The title doesn’t mean much – until you consider my belief. I believe that if you want to get yourself obsessed and addicted to something then you just need to immerse your subconcious mind in it. Since we don’t have direct control of our subcouncious mind there is a little trick to the process. The trick is to focus your concious mind on it by reading a book, listening to a podcast or CD, or watching a movie on the topic on a daily basis. I suppose you could just sit there and chant in a mind numbing state of meditation on the topic, but, I prefer to just read a book.
For example, if you want to become a compulsive gambler, go out and buy a bunch of books that teach you gambling systems. Read them. Go to the casino or find an online casino and practice, practice, practice. You keep reading those books you will keep wanting to gamble cause your mind is focussed on something and voila you suddenly want to do that. (Yes at one time in the past I read a book how to play online poker to beat the pants off the inexperienced. And yes the “focus” worked it’s “hocus pocus” and I played a lot.)
Now this all sounds bad, but that is because I used an example of something that we might not want to become addicted to. Or maybe you have a problem with the word addiction. If so substitue your favorite synonym. If you bought a bunch of books about working out, or to compete in a triathlon, or to practice sound personal finance, or to eat healthy, yada yada, then while you keep reading that book – you will want to do that.
So the hocus pocus is the magic of knowing that this works. You find a book or an inspirational audio or movie and read or listen to or watch and bam you have a little more control over what your subconcious tends to worry about and hence the magic is unleashed.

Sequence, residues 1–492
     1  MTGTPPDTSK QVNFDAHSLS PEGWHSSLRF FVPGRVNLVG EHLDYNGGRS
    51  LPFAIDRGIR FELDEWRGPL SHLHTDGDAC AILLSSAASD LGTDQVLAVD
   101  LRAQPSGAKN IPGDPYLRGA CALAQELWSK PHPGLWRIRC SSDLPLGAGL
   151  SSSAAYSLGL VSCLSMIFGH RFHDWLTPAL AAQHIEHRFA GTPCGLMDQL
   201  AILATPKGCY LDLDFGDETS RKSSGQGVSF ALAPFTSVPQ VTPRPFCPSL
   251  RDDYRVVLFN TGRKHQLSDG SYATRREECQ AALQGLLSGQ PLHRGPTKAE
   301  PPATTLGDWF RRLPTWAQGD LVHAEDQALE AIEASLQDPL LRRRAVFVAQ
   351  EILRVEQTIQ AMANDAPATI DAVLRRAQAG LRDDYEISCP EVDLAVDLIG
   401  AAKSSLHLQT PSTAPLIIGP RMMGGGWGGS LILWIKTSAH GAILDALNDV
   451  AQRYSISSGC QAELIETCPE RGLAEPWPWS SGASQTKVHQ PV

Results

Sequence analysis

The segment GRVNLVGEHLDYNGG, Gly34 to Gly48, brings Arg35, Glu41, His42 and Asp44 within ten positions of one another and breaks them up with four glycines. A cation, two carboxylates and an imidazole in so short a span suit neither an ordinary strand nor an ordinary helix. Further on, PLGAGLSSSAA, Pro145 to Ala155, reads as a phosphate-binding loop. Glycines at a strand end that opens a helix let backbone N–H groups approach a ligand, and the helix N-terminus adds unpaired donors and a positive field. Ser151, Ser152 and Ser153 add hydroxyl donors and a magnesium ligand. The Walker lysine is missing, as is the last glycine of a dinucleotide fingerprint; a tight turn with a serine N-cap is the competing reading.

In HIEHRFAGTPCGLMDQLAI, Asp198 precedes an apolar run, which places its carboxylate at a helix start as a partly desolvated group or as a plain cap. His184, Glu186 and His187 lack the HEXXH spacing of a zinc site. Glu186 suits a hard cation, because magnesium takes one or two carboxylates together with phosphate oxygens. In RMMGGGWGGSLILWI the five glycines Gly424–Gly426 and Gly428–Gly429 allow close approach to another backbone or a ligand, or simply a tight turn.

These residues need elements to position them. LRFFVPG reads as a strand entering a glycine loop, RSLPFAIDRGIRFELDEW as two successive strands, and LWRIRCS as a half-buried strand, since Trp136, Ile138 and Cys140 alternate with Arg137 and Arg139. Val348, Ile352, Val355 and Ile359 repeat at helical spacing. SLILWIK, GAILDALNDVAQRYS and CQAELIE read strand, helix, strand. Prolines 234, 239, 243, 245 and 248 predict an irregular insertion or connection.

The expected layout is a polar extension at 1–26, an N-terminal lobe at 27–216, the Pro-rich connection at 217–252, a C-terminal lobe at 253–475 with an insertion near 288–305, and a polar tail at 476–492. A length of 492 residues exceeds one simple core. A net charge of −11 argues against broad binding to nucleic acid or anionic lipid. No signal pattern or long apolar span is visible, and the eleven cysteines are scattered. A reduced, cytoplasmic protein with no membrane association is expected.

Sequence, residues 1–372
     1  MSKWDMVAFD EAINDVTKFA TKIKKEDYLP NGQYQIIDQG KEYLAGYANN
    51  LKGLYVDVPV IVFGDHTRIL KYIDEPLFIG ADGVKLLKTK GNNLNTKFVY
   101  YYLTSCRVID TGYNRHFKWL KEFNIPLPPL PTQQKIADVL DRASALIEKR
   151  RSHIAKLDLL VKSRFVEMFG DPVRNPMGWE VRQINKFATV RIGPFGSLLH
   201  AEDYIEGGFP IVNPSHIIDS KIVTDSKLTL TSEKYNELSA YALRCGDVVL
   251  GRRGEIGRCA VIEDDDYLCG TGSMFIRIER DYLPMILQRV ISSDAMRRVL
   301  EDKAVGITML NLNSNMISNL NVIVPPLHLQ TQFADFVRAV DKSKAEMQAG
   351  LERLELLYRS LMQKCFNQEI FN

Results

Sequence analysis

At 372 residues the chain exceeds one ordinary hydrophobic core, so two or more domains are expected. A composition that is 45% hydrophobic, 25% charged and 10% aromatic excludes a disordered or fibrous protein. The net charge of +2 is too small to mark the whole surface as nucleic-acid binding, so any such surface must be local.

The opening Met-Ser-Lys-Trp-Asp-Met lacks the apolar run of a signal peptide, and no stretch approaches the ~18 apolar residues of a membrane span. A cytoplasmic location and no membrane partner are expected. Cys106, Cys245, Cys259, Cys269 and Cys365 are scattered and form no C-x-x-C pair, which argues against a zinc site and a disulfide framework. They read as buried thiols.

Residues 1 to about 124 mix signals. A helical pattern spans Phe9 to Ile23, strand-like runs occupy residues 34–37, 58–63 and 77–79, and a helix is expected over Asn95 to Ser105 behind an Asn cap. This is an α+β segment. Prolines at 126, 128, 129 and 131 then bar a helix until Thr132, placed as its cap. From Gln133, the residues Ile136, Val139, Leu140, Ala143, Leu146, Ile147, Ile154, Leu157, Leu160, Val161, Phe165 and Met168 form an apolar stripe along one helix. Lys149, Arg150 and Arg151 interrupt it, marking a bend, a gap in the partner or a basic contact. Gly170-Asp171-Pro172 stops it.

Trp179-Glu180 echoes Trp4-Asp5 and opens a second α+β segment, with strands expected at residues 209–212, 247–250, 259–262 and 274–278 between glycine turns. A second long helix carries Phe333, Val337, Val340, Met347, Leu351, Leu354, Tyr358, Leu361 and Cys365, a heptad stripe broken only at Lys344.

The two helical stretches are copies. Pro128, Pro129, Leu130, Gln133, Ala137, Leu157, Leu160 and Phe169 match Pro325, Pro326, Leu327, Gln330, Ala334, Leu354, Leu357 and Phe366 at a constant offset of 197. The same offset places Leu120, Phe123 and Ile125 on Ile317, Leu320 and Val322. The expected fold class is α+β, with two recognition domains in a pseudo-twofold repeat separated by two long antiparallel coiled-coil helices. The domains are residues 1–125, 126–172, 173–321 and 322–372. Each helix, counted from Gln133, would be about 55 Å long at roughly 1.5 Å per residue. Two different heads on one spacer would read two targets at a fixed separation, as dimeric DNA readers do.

So my last post I noted that I was tending to drop off in my workouts and pick up in the eating category. Not to a negative effect yet, but the trend was there. Well, I went and read a book called Ultramarathon Man: Confessions of an All-Night Runner. This is quite the memoir. I really like it because I can look at this guy and think what a freaking nut, just like what people think that I tell I am doing a triathlon think. Ultramarathons are races longer than a marathon, which in this dudes case includes 100 and 200 mile races. Yikes.
None the less, it makes my little feat of trying to lose some weight or work up from a sprint triathlon to an Olympic distance one seem like a common sense thing that would easily be attainable as compared to the thinking about entering a 100 mile foot race. Before I read it I would have more likely thought, well yeah people do Ironmans, but could I really? And the doubt that lingers would take hold in the subconcious and make it true. But now, after reading about “Karno” in the book, I know its possible if I just decide to do it.
After reading the book, and with my plans of going to more classes to train in a group, I have unleased a torrent of calorie deficit, like dumping fat down the drain. I hit the 30,000 calories burned mark (of my 240,000), which equates to a new low weight this morning of 202.4 down from 213.6, or 11.2 pounds. The 30,000 should equate to 8.6 pounds. The difference is probable due to a higher start weight due to the binge before the start and a lower weight this morning due to a smaller dinner and crashing to bed early from having swam 1.5 miles, biking 11 miles, and running 8 miles in the last 3 days. So everything is right on track. I do have to say though that although my diet uses most of the same principles as the Biggest Loser Diet, there are a few changes that I made which come from a book about sports nutrition. The information in this book makes it possible to do all these workouts without getting severely tired or even very sore. I will write about it some next time I get a chance.